Wake County’s transit referendum: The case for a “yes” vote
This year’s general election ballot in North Carolina is a crowded one. Across the state, voters will be asked to make dozens of decisions on a dizzying variety of candidates and, in many places, special ballot referenda. One of the most important of these referenda will be on the ballot in Wake County, where voters will be asked to decide on a proposal, years in the making, to add a half-cent to the sales tax to fund transit.
Unfortunately, as is too often the case with such matters, the transit referendum has received limited media attention in the weeks leading up to the election and is buried at the bottom of the back page of the ballot. This has many supporters of the initiative concerned. Having spent years developing and fine tuning the proposal and, among other things, addressing the initial concerns of anti-poverty and affordable housing advocates, they want to tell the story of the referendum, explain its critical importance to the future of North Carolina’s capital county and mobilize progressives to spread the word.
Please join us as we hear from three leading experts on the referendum:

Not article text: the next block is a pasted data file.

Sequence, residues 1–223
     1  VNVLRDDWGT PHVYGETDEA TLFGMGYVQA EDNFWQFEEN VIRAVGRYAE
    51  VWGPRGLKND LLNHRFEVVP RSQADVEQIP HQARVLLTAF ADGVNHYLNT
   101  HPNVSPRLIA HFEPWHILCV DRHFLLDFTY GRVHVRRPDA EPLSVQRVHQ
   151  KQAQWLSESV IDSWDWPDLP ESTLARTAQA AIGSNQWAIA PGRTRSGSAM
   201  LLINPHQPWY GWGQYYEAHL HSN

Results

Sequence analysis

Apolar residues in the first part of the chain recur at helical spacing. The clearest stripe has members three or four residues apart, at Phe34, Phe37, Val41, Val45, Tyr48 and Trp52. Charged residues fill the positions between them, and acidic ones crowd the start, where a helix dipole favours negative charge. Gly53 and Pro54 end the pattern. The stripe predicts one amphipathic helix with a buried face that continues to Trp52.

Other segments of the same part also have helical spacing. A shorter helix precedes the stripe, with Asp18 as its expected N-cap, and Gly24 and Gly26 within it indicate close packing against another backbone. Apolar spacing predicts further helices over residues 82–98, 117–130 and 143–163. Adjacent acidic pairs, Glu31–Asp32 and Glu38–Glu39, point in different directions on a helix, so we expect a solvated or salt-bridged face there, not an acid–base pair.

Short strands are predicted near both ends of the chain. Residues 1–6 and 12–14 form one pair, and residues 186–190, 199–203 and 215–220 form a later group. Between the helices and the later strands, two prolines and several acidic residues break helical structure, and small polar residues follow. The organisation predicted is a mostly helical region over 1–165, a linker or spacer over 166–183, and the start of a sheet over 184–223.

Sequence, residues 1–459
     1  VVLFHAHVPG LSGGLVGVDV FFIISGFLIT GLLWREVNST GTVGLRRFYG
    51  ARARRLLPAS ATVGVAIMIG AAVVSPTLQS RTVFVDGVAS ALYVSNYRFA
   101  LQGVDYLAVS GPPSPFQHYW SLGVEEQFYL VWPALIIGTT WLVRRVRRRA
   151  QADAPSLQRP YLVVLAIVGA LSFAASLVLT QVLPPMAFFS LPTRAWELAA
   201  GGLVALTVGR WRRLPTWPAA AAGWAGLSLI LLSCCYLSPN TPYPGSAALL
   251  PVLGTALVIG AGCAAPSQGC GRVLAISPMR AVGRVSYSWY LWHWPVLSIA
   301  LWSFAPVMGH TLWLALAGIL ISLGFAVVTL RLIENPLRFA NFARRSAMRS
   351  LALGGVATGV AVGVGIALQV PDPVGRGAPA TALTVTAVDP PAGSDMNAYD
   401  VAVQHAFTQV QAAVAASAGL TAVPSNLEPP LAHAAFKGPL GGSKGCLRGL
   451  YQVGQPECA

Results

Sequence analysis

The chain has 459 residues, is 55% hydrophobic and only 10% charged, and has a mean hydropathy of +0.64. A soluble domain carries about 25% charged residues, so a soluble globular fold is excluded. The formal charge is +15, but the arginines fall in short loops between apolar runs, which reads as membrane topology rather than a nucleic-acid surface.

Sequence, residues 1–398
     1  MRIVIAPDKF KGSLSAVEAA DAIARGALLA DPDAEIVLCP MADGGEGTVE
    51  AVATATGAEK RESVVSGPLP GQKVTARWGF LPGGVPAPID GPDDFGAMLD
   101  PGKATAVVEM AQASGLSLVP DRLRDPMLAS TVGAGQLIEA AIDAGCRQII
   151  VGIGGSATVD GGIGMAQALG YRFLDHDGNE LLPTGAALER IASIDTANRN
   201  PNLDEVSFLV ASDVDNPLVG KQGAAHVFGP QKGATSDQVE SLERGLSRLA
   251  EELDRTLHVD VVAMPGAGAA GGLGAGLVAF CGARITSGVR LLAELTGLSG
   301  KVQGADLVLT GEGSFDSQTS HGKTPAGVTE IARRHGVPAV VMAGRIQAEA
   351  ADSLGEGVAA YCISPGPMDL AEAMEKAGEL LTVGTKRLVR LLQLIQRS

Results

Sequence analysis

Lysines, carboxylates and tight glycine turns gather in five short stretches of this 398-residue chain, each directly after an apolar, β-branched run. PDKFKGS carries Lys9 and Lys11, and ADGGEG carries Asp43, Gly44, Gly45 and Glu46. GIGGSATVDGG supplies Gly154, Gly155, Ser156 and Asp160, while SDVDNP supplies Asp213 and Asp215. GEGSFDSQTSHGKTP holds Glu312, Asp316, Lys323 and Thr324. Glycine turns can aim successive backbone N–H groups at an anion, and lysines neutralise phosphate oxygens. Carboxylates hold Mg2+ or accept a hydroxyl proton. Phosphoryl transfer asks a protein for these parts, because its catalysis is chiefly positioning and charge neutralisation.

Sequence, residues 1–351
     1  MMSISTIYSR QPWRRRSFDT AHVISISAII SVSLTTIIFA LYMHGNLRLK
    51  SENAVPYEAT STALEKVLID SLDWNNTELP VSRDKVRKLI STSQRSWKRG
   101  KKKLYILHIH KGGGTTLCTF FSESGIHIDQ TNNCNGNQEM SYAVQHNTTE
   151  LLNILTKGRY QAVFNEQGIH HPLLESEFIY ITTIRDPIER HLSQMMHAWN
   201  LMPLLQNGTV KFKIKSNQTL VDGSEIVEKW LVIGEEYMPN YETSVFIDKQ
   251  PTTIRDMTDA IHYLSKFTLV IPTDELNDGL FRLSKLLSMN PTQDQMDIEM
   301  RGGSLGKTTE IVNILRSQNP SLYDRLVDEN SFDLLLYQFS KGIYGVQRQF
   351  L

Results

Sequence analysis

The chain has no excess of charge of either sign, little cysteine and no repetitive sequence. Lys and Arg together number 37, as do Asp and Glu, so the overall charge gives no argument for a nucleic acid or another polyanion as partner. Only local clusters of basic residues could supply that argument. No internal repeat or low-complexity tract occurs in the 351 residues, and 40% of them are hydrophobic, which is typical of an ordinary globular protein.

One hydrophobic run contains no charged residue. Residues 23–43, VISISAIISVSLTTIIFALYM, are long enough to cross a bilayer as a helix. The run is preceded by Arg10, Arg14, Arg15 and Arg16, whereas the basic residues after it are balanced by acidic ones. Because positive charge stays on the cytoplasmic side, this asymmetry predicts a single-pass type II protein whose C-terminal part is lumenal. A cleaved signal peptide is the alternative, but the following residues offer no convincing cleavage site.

Sig Hutchinson is the Vice Chair of the Wake County Board of Commissioners, a businessman, a veteran communications professional and a longtime champion of progressive public policy solutions. He has helped transform his community by spearheading six successful bond referenda in Raleigh and Wake County.
Karen Rindge is the executive Director of with WakeUP Wake County, which she helped found in 2006. Prior to arriving in Raleigh, she spent 10 years in Washington DC working in non-profit advocacy and grassroots organizing and as a legislative aide on Capitol Hill.
Bill Rowe is General Counsel and Deputy Director of Advocacy at the North Carolina Justice Center, where he has worked for the last 25 years as a lawyer, lobbyist and one of the state’s most knowledgeable anti-poverty advocates. Among many other issues, Bill is an expert on the subject of affordable housing – a field in which he has long championed to needs and rights of the poorest and most vulnerable North Carolinians.
Don’t miss this very special event!
When: Tuesday October 18, at noon — Box lunches will be available at 11:45 a.m.
Where: Center for Community Leadership Training Room at the Junior League of Raleigh Building, 711 Hillsborough St. (At the corner of Hillsborough and St. Mary’s streets)
Cost: $10, admission includes a box lunch.
Questions?? Contact Rob Schofield at 919-861-2065 or email@example.com